Prosecutors today intensified their focus on former New England Patriots tight end Aaron Hernandez by indicting his fiancee on a single count of perjury and by charging a Hernandez cousin with conspiracy to commit accessory after the fact to the murder of Odin L. Lloyd.
In a brief statement this afternoon, Bristol District Attorney C. Samuel Sutter’s office announced the new indictments against Shayanna Jenkins and Hernandez’s cousin, Tanya Singleton.
Hernandez has been charged with orchestrating Lloyd’s murder, has pleaded not guilty to all charges, and is being held without bail at the Bristol County Jail. Ernest Wallace, whom prosecutors have called Hernandez’s “right hand man,’’ is being held on $500,000 cash bail after pleading not guilty to accessory after the fact to Lloyd’s murder.
Carlos Ortiz, who was originally arrested on weapons possession charges, today was indicted on accessory after the fact to the murder of Lloyd and is scheduled to be arraigned in Bristol Superior Court in Fall River at a later date.
The statement issued by Sutter’s office did not provide any information about the basis for the criminal charges against Jenkins, with whom Hernandez has a child, or Singleton.
But citing court records in Massachusetts and Connecticut, the Globe reported in August that prosecutors were investigating a telephone call and text message Hernandez allegedly sent to Jenkins on June 18 instructing her to“get rid of” firearms he allegedly stashed in the basement of their North Attleborough home.
Surveillance video footage from the home monitoring system shows Jenkins carrying a large, heavy object consistent with the shape of a lock box or safe from the basement to a car, leaving Hernandez’s home at 22 Ronald C. Meyer Drive and driving toward Landry Avenue in North Attleborough. She returned 35 minutes later without the large object.
Police have not found the .45-caliber weapon used to kill Lloyd, but on June 19 they did find a .22-caliber handgun along Landry Avenue. Police said the weapon appeared to have been “recently discarded.”
According to court documents, police have already searched a storage unit in Bristol, Conn., that was rented under Jenkins’s name but paid for with a credit card in Hernandez’s name. Authorities were led to the US Storage Center facility on Mountain Road after they scoured Hernandez’s financial records and discovered a receipt for the unit.
Jenkins has not faced criminal charges until today, but Singleton has been jailed since Aug. 1 for not responding to a subpoena to testify in front of a grand jury investigating the homicide.
According to the documents released in August, Singleton allegedly paid for a bus ticket for Wallace from Macon, Ga., to Florida a week after the killing.
The indictments resulted from the investigation into the June 17 murder of Lloyd, a Dorchester man who was shot to death in a North Attleborough industrial park after he was picked up in Boston by Hernandez, Ortiz, and Wallace.
Ortiz, who has been in custody on unlawful possession of weapons charges, is now facing accessory after the fact charges, the same as Wallace. Both men face a maximum of seven years imprisonment if convicted. Ortiz no longer faces weapons charges that have been pending in Attleboro District Court, officials said.
John Connors, Ortiz’s court-appointed attorney, said he spoke with Ortiz and Sutter’s office last night.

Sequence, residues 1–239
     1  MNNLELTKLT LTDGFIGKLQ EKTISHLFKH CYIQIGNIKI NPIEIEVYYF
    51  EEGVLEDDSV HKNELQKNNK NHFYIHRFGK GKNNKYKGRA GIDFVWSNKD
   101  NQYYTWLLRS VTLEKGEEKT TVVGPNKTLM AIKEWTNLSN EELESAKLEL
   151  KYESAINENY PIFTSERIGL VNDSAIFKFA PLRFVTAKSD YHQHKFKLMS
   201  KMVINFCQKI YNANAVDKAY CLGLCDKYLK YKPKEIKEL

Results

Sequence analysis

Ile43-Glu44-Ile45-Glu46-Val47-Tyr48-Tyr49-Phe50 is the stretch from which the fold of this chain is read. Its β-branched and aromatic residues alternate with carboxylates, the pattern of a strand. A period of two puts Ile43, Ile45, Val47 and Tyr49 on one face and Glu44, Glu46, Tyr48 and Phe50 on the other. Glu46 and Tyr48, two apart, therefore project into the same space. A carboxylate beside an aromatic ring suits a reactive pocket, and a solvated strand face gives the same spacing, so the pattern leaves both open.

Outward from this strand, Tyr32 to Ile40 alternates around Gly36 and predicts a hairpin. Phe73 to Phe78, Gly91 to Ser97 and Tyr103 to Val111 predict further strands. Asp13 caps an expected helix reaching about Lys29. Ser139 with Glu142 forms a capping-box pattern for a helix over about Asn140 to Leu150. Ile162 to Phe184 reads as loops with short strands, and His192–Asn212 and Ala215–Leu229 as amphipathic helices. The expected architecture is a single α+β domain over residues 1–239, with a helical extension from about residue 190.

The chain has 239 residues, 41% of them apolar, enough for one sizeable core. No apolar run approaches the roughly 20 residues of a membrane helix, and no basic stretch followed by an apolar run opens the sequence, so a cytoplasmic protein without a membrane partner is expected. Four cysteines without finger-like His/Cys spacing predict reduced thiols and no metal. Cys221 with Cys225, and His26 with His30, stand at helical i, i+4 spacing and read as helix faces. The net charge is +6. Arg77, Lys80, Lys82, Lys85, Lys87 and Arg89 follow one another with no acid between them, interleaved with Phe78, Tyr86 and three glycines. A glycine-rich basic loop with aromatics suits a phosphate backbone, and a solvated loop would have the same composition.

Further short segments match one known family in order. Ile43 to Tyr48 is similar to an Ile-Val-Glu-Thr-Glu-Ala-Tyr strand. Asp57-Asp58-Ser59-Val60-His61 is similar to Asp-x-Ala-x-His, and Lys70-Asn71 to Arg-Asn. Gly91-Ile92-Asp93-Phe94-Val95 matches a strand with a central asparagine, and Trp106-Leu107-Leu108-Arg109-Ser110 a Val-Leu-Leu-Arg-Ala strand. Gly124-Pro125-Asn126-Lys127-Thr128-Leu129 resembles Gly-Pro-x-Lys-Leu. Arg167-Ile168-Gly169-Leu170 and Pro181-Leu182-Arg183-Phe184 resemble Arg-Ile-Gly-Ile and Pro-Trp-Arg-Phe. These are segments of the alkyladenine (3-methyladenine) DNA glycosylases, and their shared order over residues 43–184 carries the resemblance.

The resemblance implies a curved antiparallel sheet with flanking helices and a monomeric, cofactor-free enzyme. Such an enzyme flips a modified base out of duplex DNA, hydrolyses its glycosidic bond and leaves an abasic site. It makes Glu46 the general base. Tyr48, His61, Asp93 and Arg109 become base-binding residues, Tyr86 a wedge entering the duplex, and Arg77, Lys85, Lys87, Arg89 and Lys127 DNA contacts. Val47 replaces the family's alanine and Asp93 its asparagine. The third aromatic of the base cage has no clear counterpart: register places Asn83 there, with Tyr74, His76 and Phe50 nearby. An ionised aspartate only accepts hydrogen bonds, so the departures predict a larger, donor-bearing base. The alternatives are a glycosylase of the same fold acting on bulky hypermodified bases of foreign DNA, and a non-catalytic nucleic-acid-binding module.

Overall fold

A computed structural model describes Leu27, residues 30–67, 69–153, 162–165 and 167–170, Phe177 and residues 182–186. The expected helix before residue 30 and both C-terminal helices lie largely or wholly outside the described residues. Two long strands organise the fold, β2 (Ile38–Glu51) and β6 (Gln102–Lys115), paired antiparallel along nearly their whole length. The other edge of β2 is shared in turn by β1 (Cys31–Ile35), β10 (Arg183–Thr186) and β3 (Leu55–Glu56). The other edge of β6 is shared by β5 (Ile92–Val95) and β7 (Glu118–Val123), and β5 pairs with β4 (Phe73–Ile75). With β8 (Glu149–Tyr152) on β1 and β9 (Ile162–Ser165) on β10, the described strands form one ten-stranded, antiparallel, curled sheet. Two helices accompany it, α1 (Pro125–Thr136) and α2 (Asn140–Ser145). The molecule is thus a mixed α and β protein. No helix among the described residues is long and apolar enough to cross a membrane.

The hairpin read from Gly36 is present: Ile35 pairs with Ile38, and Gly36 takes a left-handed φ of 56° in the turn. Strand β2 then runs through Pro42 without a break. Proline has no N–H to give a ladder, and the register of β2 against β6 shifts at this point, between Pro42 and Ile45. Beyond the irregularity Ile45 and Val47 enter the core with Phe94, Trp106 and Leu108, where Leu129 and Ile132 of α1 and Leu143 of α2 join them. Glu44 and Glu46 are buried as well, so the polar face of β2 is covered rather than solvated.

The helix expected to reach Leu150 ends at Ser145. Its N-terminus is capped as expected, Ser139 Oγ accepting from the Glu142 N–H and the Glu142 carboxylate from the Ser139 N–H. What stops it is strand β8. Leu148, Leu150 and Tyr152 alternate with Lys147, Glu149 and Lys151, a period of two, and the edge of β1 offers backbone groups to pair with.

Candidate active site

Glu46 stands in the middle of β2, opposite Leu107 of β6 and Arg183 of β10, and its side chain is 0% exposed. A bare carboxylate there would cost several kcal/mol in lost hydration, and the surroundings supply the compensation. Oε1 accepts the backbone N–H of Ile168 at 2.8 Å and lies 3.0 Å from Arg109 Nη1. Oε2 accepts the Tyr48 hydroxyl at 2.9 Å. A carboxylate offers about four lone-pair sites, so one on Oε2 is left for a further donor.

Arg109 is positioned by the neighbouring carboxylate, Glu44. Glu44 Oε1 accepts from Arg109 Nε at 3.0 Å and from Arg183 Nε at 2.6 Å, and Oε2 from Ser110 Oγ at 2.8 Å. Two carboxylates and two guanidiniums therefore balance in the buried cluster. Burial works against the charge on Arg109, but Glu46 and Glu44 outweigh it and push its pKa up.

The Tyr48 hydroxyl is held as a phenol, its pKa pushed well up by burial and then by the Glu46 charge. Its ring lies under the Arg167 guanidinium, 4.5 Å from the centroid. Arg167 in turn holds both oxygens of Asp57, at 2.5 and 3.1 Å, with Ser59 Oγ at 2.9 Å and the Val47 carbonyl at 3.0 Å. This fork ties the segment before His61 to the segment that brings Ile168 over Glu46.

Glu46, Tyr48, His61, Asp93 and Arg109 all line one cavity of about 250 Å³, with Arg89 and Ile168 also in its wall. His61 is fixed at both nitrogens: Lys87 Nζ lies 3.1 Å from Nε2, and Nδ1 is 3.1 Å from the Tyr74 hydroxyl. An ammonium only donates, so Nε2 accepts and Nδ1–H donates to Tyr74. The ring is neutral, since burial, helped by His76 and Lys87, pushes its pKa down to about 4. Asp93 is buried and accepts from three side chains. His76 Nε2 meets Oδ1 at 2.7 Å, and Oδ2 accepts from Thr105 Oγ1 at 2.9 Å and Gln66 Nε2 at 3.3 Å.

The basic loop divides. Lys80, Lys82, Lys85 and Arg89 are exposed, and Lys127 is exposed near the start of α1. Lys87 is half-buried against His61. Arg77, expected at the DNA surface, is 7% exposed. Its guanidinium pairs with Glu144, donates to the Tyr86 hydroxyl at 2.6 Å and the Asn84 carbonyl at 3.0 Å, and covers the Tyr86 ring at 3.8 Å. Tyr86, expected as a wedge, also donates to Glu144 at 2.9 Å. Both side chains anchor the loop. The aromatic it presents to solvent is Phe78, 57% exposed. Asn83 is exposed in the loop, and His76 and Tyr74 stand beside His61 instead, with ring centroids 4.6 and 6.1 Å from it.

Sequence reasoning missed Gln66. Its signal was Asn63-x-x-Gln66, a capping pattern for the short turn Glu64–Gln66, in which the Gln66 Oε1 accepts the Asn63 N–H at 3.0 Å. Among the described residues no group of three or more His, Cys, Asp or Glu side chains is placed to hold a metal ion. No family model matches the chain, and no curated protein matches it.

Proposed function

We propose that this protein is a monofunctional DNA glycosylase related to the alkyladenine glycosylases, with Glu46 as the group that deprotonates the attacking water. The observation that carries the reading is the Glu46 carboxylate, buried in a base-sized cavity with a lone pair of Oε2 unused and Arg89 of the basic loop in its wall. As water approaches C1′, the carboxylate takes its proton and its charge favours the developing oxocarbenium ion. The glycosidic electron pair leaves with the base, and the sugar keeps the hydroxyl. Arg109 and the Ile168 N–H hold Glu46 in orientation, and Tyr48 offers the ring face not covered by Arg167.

“I learned yesterday morning that he was indicted by the grand jury,” said Connors.
Connors noted that the new charge replaces the previous gun charge leveled at Ortiz. If convicted of accessory to murder after the fact, Ortiz faces up to seven years in prison.
According to court records, Ortiz admitted to law enforcement officials that he was present on the night of Lloyd’s murder, and surveillance tape from Hernandez’s North Attleborough home shows him holding a firearm in Hernandez’s home shortly after Lloyd was shot, according to prosecutors.
Connors said it is unclear to him if the grand jury heard any additional evidence against Ortiz, or whether their indictment is based solely on Ortiz’s interview and the video footage. Connors has not seen the grand jury transcripts.
“The charge of carrying the gun had to do with that particular day,” Connors said. “I’m sure that that’s all a part of this indictment — that it’s based on the interview he did in Bristol, Conn., and the surveillance images from Aaron Hernandez’s home.”
In Bristol Superior Court on Thursday, Assistant Bristol District Attorney Patrick Bomberg said that the 27-year-old Ortiz has changed his account of the final moments leading up to the fatal shooting of Lloyd.
Ortiz previously told authorities that Hernandez and Wallace got out of a rental vehicle with Lloyd in the industrial park where Lloyd was shot multiple times. Ortiz has consistently said that he remained inside the car, according to authorities.
But now, Ortiz “does not think” Wallace exited the vehicle with Hernandez and Lloyd, Bomberg said during a bail hearing for Wallace on Thursday.
Prosecutors allege that Wallace drove Ortiz to Bristol, Conn. — the hometown for all three men — after the killing in a second vehicle that Hernandez rented, and that he later abandoned the car.
David Meier, a lawyer for Wallace, said during the hearing Thursday that even though his client is charged as an accessory after the fact, there has been no allegation that he committed acts typical of that offense, such as driving a getaway car, helping to hide evidence or a suspect, disposing of robbery proceeds, or helping a suspect flee.
He also questioned whether there was convincing evidence that Hernandez committed the killing and said Wallace has “every incentive” to appear in court for future hearings.
An arraignment date for Ortiz has not yet been set.
Wallace is due back in court for a pretrial hearing on Nov. 8.